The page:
Walk 8: Sightseeing

On the first day of December and the last workshop of the series, we set out to circle the island.


We were a group of writers, media researchers, advertising execs, teachers, engineers, crossword writers, arts programmers and poets.  Setting out, we were relieved and nervous that we were working with people that all spoke such different strains of a common language. We chatted and introduced ourselves and pointed and nodded and made notes about what we thought we had seen, but when we got back to Spike Island we realised we’d all taken a very different walk. Different moments had spoken to us, out there bobbing along the harbour.

Some saw the arguing lovers, others the steam cranes. Litter. Canoes. Weather. The Dry Dock. Our feet. Overheard conversations. A lost glove. The waves. God’s Garden (No Dogs Please).

god's gardenOthers plotted out our movements as if we were walking through mappable space.  Others took readings of our excavations, seeing how far we could dig through the tarmac.


Popping into MShed, we were able to walk around the world of Google maps for a few moments, only to head back outside and find ourselves checking our route on our phones and looking at print outs of maps and aerial photographs from Bristol City Council’s archives to keep ourselves hovering between planes.

We talked about the function of the walk, about the conversations between us.  And we talked about the writing being a translation of ‘a moment’.  And how this project might be better understood as a chain of translations of all the shared and private moments we moved through in the first hour of the workshop.

Now the project has come to an end, I have started to think about the closing of ‘the moment’, both as a pocket of time or experience and as an action of turning, moving around an axis, whether that movement takes place between looking at a map and trying to overlay that aerial outline onto your horizontal pathway through outbuildings and caravan parks in a tangle of a city or whether that means moving from one language to another, turning one thing into another, one line of sight into two.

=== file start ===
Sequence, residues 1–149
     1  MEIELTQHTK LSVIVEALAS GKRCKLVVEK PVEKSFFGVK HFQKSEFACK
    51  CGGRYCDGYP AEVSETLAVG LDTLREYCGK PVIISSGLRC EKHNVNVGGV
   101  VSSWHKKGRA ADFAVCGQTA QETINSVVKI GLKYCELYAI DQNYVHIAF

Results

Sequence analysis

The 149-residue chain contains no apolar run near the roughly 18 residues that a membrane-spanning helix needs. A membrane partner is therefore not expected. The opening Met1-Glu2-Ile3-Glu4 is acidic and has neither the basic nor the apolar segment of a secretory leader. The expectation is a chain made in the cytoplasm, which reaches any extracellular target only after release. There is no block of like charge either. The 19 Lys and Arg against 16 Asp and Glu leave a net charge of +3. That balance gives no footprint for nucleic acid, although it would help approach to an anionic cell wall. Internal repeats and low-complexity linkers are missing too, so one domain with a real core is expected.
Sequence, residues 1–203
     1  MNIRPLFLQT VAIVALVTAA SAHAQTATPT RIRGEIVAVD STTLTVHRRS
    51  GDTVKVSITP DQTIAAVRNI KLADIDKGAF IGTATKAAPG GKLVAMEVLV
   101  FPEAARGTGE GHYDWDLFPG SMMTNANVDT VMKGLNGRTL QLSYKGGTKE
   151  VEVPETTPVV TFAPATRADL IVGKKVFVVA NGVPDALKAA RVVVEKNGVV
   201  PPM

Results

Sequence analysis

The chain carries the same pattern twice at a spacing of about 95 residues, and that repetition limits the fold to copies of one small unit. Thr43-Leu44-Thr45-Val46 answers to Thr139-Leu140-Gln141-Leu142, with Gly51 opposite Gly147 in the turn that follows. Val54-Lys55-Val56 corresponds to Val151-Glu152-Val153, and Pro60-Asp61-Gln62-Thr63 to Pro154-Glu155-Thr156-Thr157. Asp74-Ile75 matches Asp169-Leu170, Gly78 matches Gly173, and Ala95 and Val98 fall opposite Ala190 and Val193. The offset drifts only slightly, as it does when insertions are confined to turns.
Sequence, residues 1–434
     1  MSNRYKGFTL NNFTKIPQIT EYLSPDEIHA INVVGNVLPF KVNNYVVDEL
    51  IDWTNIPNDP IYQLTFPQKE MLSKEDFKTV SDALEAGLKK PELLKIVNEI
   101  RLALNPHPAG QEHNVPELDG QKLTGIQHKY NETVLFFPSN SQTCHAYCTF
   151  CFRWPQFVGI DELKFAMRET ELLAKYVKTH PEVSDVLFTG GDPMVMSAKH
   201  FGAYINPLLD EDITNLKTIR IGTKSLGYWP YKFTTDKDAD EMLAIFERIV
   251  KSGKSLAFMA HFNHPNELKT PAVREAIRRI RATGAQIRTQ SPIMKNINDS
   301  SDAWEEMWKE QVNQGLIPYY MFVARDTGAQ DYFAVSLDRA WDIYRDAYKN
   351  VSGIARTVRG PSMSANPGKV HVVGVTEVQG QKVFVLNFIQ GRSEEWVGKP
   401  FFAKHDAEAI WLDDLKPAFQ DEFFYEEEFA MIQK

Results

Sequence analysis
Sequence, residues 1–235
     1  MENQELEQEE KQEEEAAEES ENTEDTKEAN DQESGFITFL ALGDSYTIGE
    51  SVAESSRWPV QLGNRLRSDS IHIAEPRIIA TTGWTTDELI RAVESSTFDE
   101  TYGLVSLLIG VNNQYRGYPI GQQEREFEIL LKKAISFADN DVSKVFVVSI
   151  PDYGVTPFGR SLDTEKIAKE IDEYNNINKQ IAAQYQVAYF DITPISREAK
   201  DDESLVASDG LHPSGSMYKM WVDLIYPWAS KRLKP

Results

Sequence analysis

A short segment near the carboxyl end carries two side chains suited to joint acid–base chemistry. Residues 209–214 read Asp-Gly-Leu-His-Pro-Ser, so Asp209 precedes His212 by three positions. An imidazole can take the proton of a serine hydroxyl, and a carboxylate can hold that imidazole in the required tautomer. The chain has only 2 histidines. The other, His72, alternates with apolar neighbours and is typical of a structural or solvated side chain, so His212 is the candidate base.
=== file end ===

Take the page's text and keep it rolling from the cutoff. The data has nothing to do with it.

cut up

After warming ourselves back up with coffee and mince pies (eagerly welcoming the first of the festive month!), we set about flattening these ‘moments’, writing them out and through each other.  We initially wrote alone and then shared and rewrote, some in partnership. Some participants started to cut and paste new texts using previous participants’ work and all of us decided to structure our pieces around the perspex sightseeing guide (pictured above) which variously declares:






Then, the thrilling task of miniaturising the poems on plastic to compose a collection of pocketable sightseeing guides to disperse across the city.  Here are some of the final pieces:


you are here steps god's garden boatholespalimpsestbooklet

Walks Four and Five

horwoodWalks Four and Five returned again and again to the site and story of John Horwood’s death – and began with a visit to the macabre and fascinating object that is what remains of it all.

Cutis Vera Johannis Horwood.

‘The Real Skin of John Horwood’ is a book in the collections at MShed.  It is also a work of abject documentation, a true corpus, a kind of poetic object. The book is bound in the skin of Horwood who was flayed after the execution that was ordered by the trial that is documented in the pages of the book by the surgeon who sketched the deceased and coincidentally also operated on the murderer’s victim’s fractured skull before her death.   Horwood was the first man to be hanged at the New Gaol on Spike Island, on the theatrical gallows at the end of what is now the car park of the very same museum that holds his skin.  The story folds over and over.